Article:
Join hosts Jezel and Valentina as they share how their first-generation, lower-income (FGLI) and Latina identities intersect at Northwestern and beyond. Are you interested in sharing how your ethnic/racial background interacts with your identity as a first-gen and/or low-income student at Northwestern? Please reach out to us – Valentina’s email is [email protected].

Jezel: Hi everyone. This is Jezel Martinez.

Valentina: And this is Valentina Parra. Welcome back to DiscountEDU, a podcast where we talk about our experiences as FGLI or first-generation low-income students at Northwestern.

Jezel: This is part two of our series on intersections. Today, Valentina and I will be going over how our Latina and FGLI identities intersect at Northwestern.

Valentina: Woo, let's get into it.

Valentina: I thought culture shock would hit me mostly in being Latina and being Mexican at Northwestern, coming from a completely different space, a completely different country. But I didn't realize how being FGLI would play into it until I got here.

Jezel: Yeah, I agree with that. I think most of my culture shock definitely came from the fact that I was at a high school that only had Mexican people. So I think being Latina, more generally than just specifically Mexican, has been more of an active experience and thing that I'm conscious of. But I think also being FGLI at Northwestern is something that you can't ever separate yourself from. So.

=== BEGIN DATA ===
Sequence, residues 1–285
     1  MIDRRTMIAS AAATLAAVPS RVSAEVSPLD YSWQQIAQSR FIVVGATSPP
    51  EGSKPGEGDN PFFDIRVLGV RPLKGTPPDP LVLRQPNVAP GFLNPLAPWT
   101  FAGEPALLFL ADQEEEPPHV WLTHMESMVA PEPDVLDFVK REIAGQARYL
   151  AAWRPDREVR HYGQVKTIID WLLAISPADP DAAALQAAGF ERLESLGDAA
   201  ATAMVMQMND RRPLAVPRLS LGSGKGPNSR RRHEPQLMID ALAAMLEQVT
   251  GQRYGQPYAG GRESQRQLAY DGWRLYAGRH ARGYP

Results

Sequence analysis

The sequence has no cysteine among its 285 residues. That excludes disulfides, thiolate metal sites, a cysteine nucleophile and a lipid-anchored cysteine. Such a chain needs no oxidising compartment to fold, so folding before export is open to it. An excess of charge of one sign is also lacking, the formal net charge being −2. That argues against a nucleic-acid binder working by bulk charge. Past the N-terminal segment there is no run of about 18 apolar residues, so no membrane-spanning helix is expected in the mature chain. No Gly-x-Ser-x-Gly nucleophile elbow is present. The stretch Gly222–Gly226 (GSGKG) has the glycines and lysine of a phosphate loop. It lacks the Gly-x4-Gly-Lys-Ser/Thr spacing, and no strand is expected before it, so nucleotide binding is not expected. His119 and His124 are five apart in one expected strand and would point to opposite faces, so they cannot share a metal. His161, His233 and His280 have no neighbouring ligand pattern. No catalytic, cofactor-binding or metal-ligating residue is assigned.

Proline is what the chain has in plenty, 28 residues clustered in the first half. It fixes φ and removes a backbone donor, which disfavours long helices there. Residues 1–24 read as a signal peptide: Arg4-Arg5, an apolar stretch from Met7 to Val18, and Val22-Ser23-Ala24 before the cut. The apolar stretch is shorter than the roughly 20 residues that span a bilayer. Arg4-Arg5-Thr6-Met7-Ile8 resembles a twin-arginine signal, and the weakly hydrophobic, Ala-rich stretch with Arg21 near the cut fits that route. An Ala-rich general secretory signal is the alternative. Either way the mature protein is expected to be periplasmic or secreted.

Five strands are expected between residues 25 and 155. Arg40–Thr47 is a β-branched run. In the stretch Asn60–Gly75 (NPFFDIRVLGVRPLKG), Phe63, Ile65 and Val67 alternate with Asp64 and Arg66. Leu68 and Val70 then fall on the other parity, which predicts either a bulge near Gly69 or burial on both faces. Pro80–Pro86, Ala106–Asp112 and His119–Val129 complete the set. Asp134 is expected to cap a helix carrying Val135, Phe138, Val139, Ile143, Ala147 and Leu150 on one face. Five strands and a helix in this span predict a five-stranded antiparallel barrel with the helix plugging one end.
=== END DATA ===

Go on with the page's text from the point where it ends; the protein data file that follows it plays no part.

Valentina: Yeah, I didn't think about that actually. You're right. I don't know if this is what you meant but it just brought to mind that I didn't consider myself to be Latina. Not that I didn't consider myself to be Latina, not that I'm not, but I just didn't think about being Latina when I was in high school. I was just Mexican. Or it just crossed, I was just born in the U.S., but. Those were. I wasn't racialized, I guess, or not racialized, but.

Jezel: Yeah, I think for me the first time I came to Northwestern was the first time I ever had to think about introducing myself to somebody and being like, “Oh, I'm Hispanic,” or, “Oh, I'm Latina,” because usually – I mean, I guess from my high school it’s kind of just obvious that we're all Mexican, so we've never had to be like, “Oh I'm from this country.” So I think it's been nice to meet other Hispanic people and see what you have in common with them as well.

Valentina: Exactly, when we're all together as Latinos you could feel the palpable differences, but as soon as a white person walks in, suddenly we adopt the Pan Latin Americanism. But yeah, every time you speak to someone, you're kind of reminded that you are at a predominantly white institution. That's a given as a person of color. But even if you talk to other people of color, there continues to be a clear disparity in wealth. So finding FGLI, fellow FGLI POC, fellow FGLI Latinos or in our case, fellow FGLI Mexicans, it's you're cracking down. What are those little dolls called? The ones, the Russian dolls. Are they Russian dolls? You know which one? The one that's a little doll, inside the little doll, inside the little doll, inside the little doll.

Jezel: Yeah.

Valentina: It kind of feels like that, getting there and it’s great that even at a school like Northwestern, we can find people like us.

Jezel: Yeah, I feel like I will say also, compared to my high school experience, since there's less Latinos at Northwestern, I feel like we do a really good job with forming community bonds and we support each other. And I think clubs are a good place to do that.